All four cities represented in this week’s video did share some degree of similarity. All four of them were sites of research on how a family lived their lives out in a given area. The findings, as well as the methods of research, varied quite a bit for each subject city.
Ceren contained thatch-roofed buildings that were encased in volcanic ash, their contents remarkably well preserved. These buildings contained families that subsistence farmed to survive, as evidenced by tools and seeds found in the preserved buildings. Close to Ceren was another Mayan city, Copan. Copan families lived a little differently, with one family occupying two or more small houses close together and joined by a “patio”. Archaeological findings within these structures indicated that different buildings served different purposes. For instance, one building may be used as a kitchen, while another may be used for storage. A very similar living arrangement is still used by people in the area, which aided in the assessment of previous lifestyles.
These are more rural settlements though. In the past, as today, people lived in cities as well. Teotihuacan, also located in Central America, gives us a glimpse into city life of its residents. In Teotihuacan, many people lived in very large buildings. Up to 100 invidivuals could live in one! They were almost like modern day apartments. The real question was whether these people were strangers to each other, as in apartments, or if they were related. Luckily, while most civilizations separate their dead from their living, in these “apartments”, they were buried right under the floors, sometimes in the very rooms they lived in beforehand. As a result, studies can be done on the remains left behind. The human remains found here had similar markings when they came from the same building, suggesting that the remains belonged to the same families. An incredible discovery! So much raw information can be obtained from human remains that I believe them to be the most valuable resource for information when researching past civilizations. That said, they are not always available for ethical or other reasons, but when they are, they are certainly worth investigating.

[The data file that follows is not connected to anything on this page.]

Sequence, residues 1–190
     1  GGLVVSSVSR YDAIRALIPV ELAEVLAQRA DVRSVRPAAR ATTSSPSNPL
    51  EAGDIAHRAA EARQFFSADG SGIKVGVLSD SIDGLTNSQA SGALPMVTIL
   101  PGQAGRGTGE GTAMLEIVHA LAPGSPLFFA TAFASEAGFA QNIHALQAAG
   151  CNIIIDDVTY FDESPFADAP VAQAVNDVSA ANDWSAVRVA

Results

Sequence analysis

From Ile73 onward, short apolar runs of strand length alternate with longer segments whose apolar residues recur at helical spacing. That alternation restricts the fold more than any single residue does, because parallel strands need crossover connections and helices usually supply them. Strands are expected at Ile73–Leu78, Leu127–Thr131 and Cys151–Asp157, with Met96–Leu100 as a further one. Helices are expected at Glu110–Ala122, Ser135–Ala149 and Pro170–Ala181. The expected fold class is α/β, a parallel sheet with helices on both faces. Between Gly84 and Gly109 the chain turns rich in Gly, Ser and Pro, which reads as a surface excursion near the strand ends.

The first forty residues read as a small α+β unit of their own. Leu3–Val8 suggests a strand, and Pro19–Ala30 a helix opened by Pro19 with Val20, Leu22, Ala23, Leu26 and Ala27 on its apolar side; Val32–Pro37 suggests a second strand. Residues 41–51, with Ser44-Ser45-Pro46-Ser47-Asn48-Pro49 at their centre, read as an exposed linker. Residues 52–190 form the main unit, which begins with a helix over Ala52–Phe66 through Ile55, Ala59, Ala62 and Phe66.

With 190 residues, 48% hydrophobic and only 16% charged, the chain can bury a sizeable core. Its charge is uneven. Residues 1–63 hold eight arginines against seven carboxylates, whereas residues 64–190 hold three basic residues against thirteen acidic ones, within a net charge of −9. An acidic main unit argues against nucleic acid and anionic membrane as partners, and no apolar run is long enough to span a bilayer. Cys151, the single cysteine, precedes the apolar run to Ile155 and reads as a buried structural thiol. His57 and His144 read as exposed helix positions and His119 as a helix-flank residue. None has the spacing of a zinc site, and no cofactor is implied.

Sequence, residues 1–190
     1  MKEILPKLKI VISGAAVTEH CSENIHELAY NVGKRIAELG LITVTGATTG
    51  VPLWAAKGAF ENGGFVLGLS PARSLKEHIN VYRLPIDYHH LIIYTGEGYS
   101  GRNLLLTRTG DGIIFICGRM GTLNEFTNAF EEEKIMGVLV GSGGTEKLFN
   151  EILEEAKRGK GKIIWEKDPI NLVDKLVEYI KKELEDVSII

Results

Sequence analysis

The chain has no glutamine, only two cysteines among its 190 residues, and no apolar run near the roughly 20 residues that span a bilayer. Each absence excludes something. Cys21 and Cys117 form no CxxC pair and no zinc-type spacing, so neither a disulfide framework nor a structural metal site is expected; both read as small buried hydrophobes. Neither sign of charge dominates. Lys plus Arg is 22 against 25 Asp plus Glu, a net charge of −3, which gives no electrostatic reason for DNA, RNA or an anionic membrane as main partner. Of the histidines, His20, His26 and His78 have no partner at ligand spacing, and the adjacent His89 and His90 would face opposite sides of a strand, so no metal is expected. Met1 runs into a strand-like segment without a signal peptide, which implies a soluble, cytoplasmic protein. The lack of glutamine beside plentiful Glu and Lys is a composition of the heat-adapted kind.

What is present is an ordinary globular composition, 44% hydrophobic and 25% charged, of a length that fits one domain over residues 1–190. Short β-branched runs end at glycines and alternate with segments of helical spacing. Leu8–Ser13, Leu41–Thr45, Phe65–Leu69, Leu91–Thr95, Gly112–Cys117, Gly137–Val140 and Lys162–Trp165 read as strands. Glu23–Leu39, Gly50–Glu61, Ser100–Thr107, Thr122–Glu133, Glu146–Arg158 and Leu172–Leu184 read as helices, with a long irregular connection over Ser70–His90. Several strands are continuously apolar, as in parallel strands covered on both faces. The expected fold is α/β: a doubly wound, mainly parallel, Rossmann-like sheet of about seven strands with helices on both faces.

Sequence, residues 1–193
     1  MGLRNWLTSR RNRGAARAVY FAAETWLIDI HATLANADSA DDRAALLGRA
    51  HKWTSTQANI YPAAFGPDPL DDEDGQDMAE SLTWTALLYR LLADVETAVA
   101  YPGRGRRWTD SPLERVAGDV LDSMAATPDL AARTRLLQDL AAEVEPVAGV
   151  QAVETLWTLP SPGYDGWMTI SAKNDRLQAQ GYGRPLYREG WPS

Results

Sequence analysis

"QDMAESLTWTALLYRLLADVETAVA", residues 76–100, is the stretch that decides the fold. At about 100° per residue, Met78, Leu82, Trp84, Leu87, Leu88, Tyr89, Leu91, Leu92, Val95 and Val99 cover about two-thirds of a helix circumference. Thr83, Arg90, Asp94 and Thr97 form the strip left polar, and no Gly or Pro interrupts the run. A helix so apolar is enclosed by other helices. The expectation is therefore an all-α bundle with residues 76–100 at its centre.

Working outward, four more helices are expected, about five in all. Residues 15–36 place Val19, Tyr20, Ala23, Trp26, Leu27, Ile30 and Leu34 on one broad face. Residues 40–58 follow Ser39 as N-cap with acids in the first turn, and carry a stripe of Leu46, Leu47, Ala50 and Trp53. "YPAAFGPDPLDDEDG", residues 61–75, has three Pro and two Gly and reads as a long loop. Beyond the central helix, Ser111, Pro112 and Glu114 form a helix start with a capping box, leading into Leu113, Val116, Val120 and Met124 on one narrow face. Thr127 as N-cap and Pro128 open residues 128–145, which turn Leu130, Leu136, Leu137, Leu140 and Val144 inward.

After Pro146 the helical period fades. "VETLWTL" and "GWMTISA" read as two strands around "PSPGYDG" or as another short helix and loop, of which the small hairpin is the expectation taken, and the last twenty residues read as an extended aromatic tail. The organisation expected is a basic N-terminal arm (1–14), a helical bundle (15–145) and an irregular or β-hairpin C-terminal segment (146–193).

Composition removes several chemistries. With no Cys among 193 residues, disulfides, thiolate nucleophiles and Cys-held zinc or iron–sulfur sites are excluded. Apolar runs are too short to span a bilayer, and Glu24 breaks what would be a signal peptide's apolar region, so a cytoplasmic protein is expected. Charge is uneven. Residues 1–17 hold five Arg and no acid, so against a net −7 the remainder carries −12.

Among the cities mentioned in the video, one exists where the remains are in incredible condition, where the human remains are so distinct and clear that they maintain their dying poses. Pompeii. Swept up by volcanic ash, the city was buried and forgotten. Under a layer of soot, everything was preserved in extreme detail, including their homes. With such things as wall decorations and knowledge of Roman living quarters, we can predict that, for Romans, work and home were almost synonymous. Many worked from their homes. Even the wealthy would hold court in their homes, which was fascinating to me. Working from home is becoming a more modern trend, but it’s nowhere near the first time!
The single most helpful type of analysis for situations like this that comes to mind for me is radiography. Taking a radiograph allows for the location of structures without digging up areas, allowing for a wide area to be scanned without expending as much time or effort. While I’m sure radiographs have been taken for the areas since the video came out, I think it would be most interesting to use that to look for structures that may have been missed. Who knows what else lurks beneath the soils?